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    • Jefferson, Thomas
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Documents filtered by: Author="Jefferson, Thomas" AND Recipient="Madison, James" AND Correspondent="Madison, James"
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A report to the Governor having been agreed on at our last meeting, and it’s materials being chiefly in my possession, I have presumed to make a draught, and now send it for your consideration. if approved as it is, be so good as to sign it; if any material alteration be thought necessary, if such as not to deface the paper be so good as to make it & sign, if it deface the paper I must request...
What would you think of raising a force for the defence of New Orleans in this manner? give a bounty of 50 acres of land, to be delivered immediately, to every able bodied man who will immediately settle on it, & hold himself in readiness to perform 2. years military service (on the usual pay) if called on within the first seven years of his residence. the lands to be chosen by himself of any...
Th: Jefferson asks a consultation with the heads of departments tomorrow at 11. aclock, on the subject of N. Orleans & the Floridas. should we meet later, we may be prevented by the visits usual on the day.   will mr Smith be so good as to send the inclosed over the way to mr Lincoln? RC ( MHi : Levi Lincoln Papers); undated or date clipped; endorsed by Levi Lincoln as 31 Dec. 1802; with...
The application of William Greetham for a Mediterranean pass for a vessel owned here, tho built abroad, being unauthorised by practice; tho’ perhaps not by law, and concerning the departments of both the State & Treasury, I ask the favor of mr Madison and mr Gallatin to give me their opinions thereon: at the same time I communicate to them what passed on the subject of passports under General...
When the war broke out which is now raging in Europe, our treaties with France, and Holland required that we should furnish to the vessels ‘belonging to the citizens of the US.’ passports in the forms prescribed by the treaties. it was very early made a question whether they should be granted to all vessels belonging to citizens of the US. or only to those built as well as belonging here. the...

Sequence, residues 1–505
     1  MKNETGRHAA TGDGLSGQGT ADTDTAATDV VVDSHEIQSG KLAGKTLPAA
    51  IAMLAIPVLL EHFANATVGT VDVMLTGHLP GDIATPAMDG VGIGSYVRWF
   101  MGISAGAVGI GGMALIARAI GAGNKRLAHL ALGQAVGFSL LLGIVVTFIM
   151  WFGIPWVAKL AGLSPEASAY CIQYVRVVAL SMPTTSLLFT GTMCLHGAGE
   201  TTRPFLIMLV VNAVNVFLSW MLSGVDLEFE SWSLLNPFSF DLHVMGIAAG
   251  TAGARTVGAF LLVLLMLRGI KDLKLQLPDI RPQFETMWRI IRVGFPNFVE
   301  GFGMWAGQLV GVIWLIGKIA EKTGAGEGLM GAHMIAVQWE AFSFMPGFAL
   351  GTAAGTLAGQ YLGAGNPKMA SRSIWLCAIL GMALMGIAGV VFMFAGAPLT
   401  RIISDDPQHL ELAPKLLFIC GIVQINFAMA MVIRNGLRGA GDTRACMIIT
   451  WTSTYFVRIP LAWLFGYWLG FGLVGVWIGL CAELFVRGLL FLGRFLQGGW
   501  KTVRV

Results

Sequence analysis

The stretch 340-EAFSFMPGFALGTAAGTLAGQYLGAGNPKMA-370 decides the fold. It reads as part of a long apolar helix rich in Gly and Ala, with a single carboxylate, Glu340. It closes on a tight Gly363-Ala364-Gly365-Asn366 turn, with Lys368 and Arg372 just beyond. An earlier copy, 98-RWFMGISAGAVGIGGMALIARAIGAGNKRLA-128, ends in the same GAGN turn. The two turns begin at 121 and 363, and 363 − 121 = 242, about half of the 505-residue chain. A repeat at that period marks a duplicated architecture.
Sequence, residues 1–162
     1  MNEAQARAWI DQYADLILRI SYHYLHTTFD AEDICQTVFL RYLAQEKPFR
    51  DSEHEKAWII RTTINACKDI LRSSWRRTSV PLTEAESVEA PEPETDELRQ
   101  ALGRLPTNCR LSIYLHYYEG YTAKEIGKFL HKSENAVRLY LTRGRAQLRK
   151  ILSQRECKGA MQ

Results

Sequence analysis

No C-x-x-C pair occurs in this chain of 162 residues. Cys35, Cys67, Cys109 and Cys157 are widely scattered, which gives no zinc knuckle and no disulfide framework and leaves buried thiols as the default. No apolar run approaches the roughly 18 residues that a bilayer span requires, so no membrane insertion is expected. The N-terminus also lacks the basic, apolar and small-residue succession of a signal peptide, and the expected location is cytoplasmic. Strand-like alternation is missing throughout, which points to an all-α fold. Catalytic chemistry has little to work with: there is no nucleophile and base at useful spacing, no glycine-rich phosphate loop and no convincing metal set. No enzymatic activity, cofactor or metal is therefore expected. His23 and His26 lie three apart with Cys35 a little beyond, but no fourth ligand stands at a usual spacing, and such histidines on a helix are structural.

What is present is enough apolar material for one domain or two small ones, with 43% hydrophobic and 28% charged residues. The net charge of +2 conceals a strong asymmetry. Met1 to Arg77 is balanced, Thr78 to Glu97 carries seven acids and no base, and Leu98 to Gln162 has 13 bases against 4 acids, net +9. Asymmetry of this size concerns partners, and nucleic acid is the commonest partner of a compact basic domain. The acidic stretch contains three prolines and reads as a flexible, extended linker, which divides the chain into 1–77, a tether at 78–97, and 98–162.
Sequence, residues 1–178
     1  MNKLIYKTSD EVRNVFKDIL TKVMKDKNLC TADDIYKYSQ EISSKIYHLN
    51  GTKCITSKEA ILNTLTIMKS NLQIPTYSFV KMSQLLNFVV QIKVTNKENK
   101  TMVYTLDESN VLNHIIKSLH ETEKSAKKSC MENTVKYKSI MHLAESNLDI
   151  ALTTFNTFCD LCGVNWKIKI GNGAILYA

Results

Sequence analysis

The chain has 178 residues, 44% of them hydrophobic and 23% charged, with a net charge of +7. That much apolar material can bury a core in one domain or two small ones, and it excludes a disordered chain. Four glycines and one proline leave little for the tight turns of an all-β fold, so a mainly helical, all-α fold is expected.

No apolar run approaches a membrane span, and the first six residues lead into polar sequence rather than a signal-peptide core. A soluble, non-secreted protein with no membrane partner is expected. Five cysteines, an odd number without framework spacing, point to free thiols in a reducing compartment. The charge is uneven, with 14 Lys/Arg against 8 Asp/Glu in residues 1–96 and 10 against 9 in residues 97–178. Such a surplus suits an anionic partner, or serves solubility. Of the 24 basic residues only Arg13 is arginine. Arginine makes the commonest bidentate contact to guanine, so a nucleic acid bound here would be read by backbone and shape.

[ Paris, 4 July 1785 . Entry in SJL reads: “Madison, Monroe & Hardy. Letters of recommendation for W. T. Franklin.” None of these letters has been found; but see TJ to Monroe, 5 July 1785 .]
The bearer hereof, Mr. Franklin , being about to return to America, I take the liberty of presenting him to your acquaintance. Your esteem for the character of his grandfather would have procured him a favourable reception with you: and it cannot but increase your desire to know him, when you shall be assured that his worth and qualifications give him a personal claim to it. I have taken the...
My last was of June 20. Your’s received since that date are May 15. and June 6. In mine I acknoleged the receipt of the Paccan nuts which came sealed up. I have reason to believe those in the box are arrived at Lorient. By the Mary Capt. Howland lately sailed from Havre to N. York I shipped three boxes of books one marked I.M. for yourself, one marked B.F. for Doctr. Franklin, and one marked...
Th: Jefferson was much disappointed at breakfast this morning not having till then known of the departure of mr & mrs Madison & miss Payne . he hopes they will come and dine to-day with the miss Butlers who were assured they would meet them here, and tomorrow with mrs Gallatin & mrs Mason . affectionate salutations. RC ( ICHi ). Departure of Mr & Mrs Madison & Miss Payne : the Madisons, along...
Your favor from Fredericksburg came safe to hand. I inclose you the extract of a letter I recieved from Mr. R. now in Richmond. Tho you will have been informed of the facts before this reaches you, yet you will see more of the subject by having different views of it presented to you. Though Marshall will be able to embarras the Republican party in the assembly a good deal, yet upon the whole,...